Most Rev Dianne Sullivan
This homily is about exploring how this message from the book the Little Prince fits today’s gospel and today’s events.
Two African American men were shot by local police, this past week, one in Tulsa, Oklahoma and the other in Charlotte, North Carolina. This scene has been repeated again and again. Protests erupted in Charlotte, with anger, violence and great pain.
The history of trauma is played out in the streets. We see the history of oppression and anger; the history of 250 years of slavery; the history of Jim Crow and the lynching’s of the first part of the 20th century; church bombings and the freedom riders; the bravery of Rosa Parks; the march at Selma; the pain of the assassination of Martin Luther King Jr. and the civil rights movement of the 60’s culminating in the demand for respect, recognition and equality.
“Only the heart sees clearly what is invisible to the eyes.”
The Buddhist author, Thich Nhat Hanh writes about the importance of being “present.” He emphasizes the need to look deeply moment by moment. He questions when looking at a flower do we really see it’s beauty? Can we distinguish one flower from the next? How open are our eyes and minds? And why is that even important?
In the story of the Little Prince, the Little Prince speaks about his flower, the rose. She appears one day on his planet as a shrub and takes her time growing, blooming one morning with the sun. The little prince is enchanted by the rose’s beauty and cares for her. It is through that caring that he sees her uniqueness as he grows to love her.
It is through love and compassion we can distinguish one person from the other. It is through love and compassion that we acquire eyes to really see.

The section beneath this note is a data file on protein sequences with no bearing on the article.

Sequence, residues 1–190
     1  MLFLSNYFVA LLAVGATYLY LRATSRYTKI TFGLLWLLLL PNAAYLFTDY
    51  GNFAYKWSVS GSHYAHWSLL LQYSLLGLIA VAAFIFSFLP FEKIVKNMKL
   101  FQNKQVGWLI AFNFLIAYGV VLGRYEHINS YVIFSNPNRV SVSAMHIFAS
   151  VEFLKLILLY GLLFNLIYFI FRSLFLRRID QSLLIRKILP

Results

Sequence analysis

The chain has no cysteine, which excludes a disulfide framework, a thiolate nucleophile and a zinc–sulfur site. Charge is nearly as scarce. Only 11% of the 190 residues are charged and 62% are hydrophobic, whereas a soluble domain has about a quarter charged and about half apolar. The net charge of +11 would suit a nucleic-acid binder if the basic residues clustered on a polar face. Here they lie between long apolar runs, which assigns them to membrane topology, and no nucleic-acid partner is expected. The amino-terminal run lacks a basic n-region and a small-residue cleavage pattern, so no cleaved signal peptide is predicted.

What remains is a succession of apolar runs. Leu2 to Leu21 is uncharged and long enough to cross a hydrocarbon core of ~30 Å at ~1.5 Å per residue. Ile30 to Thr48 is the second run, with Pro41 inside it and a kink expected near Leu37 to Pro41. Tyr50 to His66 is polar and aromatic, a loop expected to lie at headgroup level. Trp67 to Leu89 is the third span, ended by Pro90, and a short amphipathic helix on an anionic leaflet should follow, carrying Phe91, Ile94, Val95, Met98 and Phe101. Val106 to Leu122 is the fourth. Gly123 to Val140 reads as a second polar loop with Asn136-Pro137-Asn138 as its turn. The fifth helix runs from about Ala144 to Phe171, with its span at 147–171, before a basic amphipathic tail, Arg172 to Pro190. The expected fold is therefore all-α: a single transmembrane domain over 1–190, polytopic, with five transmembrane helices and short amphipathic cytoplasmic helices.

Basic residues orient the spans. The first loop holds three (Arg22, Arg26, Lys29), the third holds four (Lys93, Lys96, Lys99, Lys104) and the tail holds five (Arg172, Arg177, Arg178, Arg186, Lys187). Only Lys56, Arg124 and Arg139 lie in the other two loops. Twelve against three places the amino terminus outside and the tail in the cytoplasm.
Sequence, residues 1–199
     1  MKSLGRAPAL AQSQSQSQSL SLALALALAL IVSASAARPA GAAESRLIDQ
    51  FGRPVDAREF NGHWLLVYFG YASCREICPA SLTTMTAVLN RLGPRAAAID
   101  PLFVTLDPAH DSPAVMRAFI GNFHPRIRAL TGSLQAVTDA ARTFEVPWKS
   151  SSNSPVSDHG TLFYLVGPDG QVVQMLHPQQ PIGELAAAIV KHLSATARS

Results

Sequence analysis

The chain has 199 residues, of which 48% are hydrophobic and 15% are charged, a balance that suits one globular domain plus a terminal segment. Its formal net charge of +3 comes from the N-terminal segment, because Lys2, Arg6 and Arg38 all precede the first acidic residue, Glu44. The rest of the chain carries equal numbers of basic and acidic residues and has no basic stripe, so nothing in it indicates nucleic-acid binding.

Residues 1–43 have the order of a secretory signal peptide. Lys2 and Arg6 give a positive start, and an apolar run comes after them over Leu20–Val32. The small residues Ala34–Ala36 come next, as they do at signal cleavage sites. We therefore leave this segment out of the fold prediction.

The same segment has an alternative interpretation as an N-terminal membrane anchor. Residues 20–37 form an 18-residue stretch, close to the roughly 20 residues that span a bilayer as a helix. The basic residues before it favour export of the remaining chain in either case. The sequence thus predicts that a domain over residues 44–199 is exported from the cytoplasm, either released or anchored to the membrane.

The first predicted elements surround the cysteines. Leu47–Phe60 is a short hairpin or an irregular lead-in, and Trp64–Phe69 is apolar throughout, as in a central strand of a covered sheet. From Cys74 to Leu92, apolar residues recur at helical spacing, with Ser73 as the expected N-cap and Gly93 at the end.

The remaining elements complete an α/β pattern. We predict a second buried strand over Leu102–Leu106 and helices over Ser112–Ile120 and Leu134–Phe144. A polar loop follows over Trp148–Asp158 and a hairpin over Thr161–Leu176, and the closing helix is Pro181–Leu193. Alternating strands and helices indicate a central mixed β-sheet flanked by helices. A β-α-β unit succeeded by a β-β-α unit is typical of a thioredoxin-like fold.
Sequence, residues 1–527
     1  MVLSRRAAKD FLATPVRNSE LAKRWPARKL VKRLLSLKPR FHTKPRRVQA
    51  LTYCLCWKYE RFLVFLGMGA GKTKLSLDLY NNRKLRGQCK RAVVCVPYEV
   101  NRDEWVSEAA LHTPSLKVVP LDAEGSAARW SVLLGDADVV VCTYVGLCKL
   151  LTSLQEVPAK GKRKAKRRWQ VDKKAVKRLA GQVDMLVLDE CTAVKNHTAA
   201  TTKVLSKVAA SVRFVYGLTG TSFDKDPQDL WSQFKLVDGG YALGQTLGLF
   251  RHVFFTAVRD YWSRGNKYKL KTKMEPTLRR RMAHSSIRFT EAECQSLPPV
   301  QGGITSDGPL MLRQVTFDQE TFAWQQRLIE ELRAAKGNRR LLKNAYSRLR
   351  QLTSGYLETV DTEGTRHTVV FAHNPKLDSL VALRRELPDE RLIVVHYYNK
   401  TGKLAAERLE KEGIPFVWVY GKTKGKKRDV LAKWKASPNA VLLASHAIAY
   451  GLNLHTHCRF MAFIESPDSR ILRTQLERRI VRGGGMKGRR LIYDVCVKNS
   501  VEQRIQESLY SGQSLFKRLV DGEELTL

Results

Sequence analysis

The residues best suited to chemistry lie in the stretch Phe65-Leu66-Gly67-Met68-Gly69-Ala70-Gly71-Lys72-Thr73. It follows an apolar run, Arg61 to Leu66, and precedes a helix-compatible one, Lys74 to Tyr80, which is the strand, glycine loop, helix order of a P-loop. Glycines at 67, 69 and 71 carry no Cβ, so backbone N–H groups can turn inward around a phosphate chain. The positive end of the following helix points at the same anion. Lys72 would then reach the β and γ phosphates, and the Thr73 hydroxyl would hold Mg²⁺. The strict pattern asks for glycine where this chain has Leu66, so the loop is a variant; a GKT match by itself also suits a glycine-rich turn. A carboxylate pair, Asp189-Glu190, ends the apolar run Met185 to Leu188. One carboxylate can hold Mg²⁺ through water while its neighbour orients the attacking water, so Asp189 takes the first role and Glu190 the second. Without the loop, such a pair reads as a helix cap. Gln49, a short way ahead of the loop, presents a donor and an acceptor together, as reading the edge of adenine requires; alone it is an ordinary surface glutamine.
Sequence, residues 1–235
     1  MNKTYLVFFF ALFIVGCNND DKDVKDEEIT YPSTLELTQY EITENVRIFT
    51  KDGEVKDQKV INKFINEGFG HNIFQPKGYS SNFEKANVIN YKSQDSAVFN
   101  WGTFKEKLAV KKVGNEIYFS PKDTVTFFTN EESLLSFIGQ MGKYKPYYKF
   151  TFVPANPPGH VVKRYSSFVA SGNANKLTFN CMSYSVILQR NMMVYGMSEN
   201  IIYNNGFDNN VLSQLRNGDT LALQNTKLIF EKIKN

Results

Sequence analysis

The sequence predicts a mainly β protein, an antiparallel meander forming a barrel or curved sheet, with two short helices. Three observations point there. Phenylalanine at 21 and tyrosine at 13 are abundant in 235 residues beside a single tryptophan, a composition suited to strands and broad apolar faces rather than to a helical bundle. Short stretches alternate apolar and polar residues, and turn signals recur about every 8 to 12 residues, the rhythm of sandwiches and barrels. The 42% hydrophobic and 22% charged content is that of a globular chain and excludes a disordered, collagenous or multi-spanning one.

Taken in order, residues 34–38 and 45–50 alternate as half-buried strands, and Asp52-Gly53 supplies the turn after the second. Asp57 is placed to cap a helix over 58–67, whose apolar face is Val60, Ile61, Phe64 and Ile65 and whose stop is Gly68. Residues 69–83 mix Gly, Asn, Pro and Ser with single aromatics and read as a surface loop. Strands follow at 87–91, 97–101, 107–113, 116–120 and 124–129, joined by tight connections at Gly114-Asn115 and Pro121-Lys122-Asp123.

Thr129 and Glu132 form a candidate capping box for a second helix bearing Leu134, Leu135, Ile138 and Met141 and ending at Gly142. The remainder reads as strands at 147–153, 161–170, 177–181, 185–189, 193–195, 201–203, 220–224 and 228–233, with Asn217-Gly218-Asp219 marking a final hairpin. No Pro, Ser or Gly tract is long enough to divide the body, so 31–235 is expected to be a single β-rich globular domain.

Each one of us is unique and different in so many ways and yet so similar. Our needs are different, our experiences, values and perceptions are different. Unless we have attitudes, beliefs and perceptions that allow us to see one another other we cannot serve one another. Only love and compassion can serve and heal.
What prevented the rich man from seeing, appreciating and caring for Lazarus?
Are we so put off by the disabilities or scares, warts and illness of others that we cannot see with our hearts?
Are we so dedicated to the beautiful, the vigorous, the familiar and the healthy that our eyes can barely focus on something that is different?
Was the wealthy man so caught up in his own wealth and comfort that he didn’t have the will to see?
“Only the heart sees clearly what is invisible to the eye.”
We can’t end deadly prejudice in all it’s sinister forms. We can’t change a person’s beliefs or perceptions. We can’t make someone see or appreciate the other, but love can.
Love is what sustains us. When the roots of a tree are shallow, eventually the tree will die. The roots need to run deep.
Love is what runs deep and gives life to our bones, our blood, to our lives.
There is a story of Saint Teresa of Calcutta who said, “I once picked up a woman from a garbage dump and she was burning with fever; she was in her last days and her only lament was: ‘My son did this to me.’ I begged her: ‘You must forgive your son. In a moment of madness, when he was not himself, he did a thing he regrets. Be a mother to him, forgive him.’ It took her a long time for her say: ‘I forgive my son.’ Just before she died in my arms, she was able to say that with a real forgiveness. She was not concerned that she was dying. The breaking of her heart was that her son did not want her. This is something you and I can understand.” Mother Teresa
The trauma of Tulsa and Charlottte can be healed when we dig deep and begin to listen without assumptions; when we dig deep and tell our stories and maybe, just maybe we might be moved by each other’s story and understand that we need one another. We can’t just tolerate one another, we must understand and need one another in order to be whole.
And perhaps the story from the gospel of 2016 can be, “I was rich and cared for nothing outside of myself until one day I woke up when I looked beyond my own doorstep. There I saw a most beautiful man who was teaching me in the most tender way how to give of myself and to provide for another. I saw his beauty only. Despite his illness and wounds I saw a light from his soul and it was brilliant. He taught me how to care. He saved me in the most important way. He saved my humanity.”
Who is teaching you? Who or what is your Lazarus?